A Midsummer Night’s Dream
21 young people are reinterpreting Shakespeare’s classic comedy, and you can bet I have feelings.
By Andrew Andrews
Demetrius loves Hermia, as does Lysander. Hermia loves the latter, but her father demands that she marry the former. And since this is ancient Athens, what daddy says, goes—unless Hermia would rather be committed to a life of chastity, or death.
Meanwhile, Helena is obsessed with Demetrius, who won’t give her the time of day because, like I said, Demetrius loves Hermia.
When Lysander and Hermia elope under cover of darkness to escape the jurisdiction of Athens, Helena tips off Demetrius and the two of them give chase. But running away is hard work, so everyone decides to take a nap.
Titania, queen of the fairies, instructs her minion Puck to apply a magical nectar to Demetrius’s eyelids so he’ll fall in love with the first thing he sees when he wakes up. She intends to make Demetrius fall in love with Helena and leave the fleeing couple alone; but oops, Puck mistakes Lysander for Demetrius, and then, after correcting the mistake, winds up making both men fall head-over-heels for Helena and disgusted by the sight of Hermia.
In case you didn’t notice, Catskill Mountain Shakespeare has tweaked the Bard’s classic a bit, making it a little more queer to appeal to a younger, modern audience.
As I’ve said before, A Midsummer Night’s Dream is my favorite work of Shakespeare, and after enjoying Catskill Mountain’s inaugural production of Twelfth Night last summer, I was eager to return to Emerson Resort & Spa to see how they’d handle my fave.
While a few of the returning cast members excelled in their new roles, the company overall did not seem as polished as last year, with some performers at times seeming disconnected from the characters they were fulfilling. Granted, they were still much better than the aspiring actors in the Henry V production a few months ago in Rhinebeck, but I supect that some of the parts may have been filled out of necessity.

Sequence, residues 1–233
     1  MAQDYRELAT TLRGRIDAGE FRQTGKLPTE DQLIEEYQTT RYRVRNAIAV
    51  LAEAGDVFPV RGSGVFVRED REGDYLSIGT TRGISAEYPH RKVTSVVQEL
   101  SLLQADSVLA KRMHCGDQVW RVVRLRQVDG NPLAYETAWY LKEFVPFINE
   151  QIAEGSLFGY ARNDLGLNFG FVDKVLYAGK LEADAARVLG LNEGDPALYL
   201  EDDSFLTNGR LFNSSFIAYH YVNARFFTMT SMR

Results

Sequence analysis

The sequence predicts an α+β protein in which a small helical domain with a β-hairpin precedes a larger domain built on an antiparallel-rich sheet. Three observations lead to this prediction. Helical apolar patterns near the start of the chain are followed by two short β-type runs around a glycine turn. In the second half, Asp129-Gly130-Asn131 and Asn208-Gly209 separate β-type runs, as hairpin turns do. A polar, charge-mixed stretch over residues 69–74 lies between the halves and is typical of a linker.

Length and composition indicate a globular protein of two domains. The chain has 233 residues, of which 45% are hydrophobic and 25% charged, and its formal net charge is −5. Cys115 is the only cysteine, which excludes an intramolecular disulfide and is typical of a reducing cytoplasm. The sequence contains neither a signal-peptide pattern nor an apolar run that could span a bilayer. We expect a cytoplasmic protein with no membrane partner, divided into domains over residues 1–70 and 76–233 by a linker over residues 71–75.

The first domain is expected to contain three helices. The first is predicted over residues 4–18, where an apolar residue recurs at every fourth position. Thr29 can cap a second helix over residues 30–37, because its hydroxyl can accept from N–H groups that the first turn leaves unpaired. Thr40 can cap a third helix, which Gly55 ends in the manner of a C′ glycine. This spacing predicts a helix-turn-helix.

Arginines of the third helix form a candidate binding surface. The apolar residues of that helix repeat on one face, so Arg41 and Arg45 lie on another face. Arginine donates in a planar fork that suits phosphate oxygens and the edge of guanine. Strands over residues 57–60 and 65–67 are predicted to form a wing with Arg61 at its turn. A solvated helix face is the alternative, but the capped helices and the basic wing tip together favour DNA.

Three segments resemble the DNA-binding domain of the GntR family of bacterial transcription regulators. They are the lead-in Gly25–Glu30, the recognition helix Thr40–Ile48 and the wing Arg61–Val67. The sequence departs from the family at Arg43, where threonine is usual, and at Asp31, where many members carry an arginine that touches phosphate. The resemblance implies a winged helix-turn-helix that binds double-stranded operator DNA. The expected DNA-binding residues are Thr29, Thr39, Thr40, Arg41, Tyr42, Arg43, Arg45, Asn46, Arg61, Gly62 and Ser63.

I don’t understand why the actions of Oberon and Titania were reversed in this rendition, which didn’t add anything but confusion to those familiar with the story (namely, me) until I finally figured out what was happening. I assume this questionable decision was made by the director, who is still pursuing their degree in perfection of the craft.
Unlike last year’s production, in which the cast just seemed to naturally adapt their roles to their own gender identities, the assignments and costuming in this year’s offering felt somehow a bit more forced.
This production did bear a couple of similarities to Smith Street Stages’ five-star production in Carroll Gardens that I reviewed back in 2018: firstly, in that the actors didn’t try to feign English accents, making the whole story a lot easier to follow; and secondly, in the depiction of the appropriate characters as malicious more than simply mischevious.
In addition, Mariah Lotz’s portrayal of Puck delightfully reminded me of Kathryn Hunter in Julie Taymor’s version of the play, although Lotz isn’t quite the shape-shifter that Hunter is.
From a comfort perspective, the seating at our opening night performance seemed unnecessarily crowded considering the open-air nature of the venue, and the chairs themselves were stiff enough to make us long for intermission and anxious to stand again after the final scene.
General admission tickets run about $33 with fees, plus the price of gas to climb the mountain. Although I’ve paid a lot less to enjoy aMND a lot more; I’ve also paid a lot more to enjoy other performances a lot less.
Andrew Andrews attended A Midsummer Night’s Dream at Emerson Resort & Spa Grounds in Mount Tremper on Saturday, July 16, 2022 @ 7:30pm to write this review.
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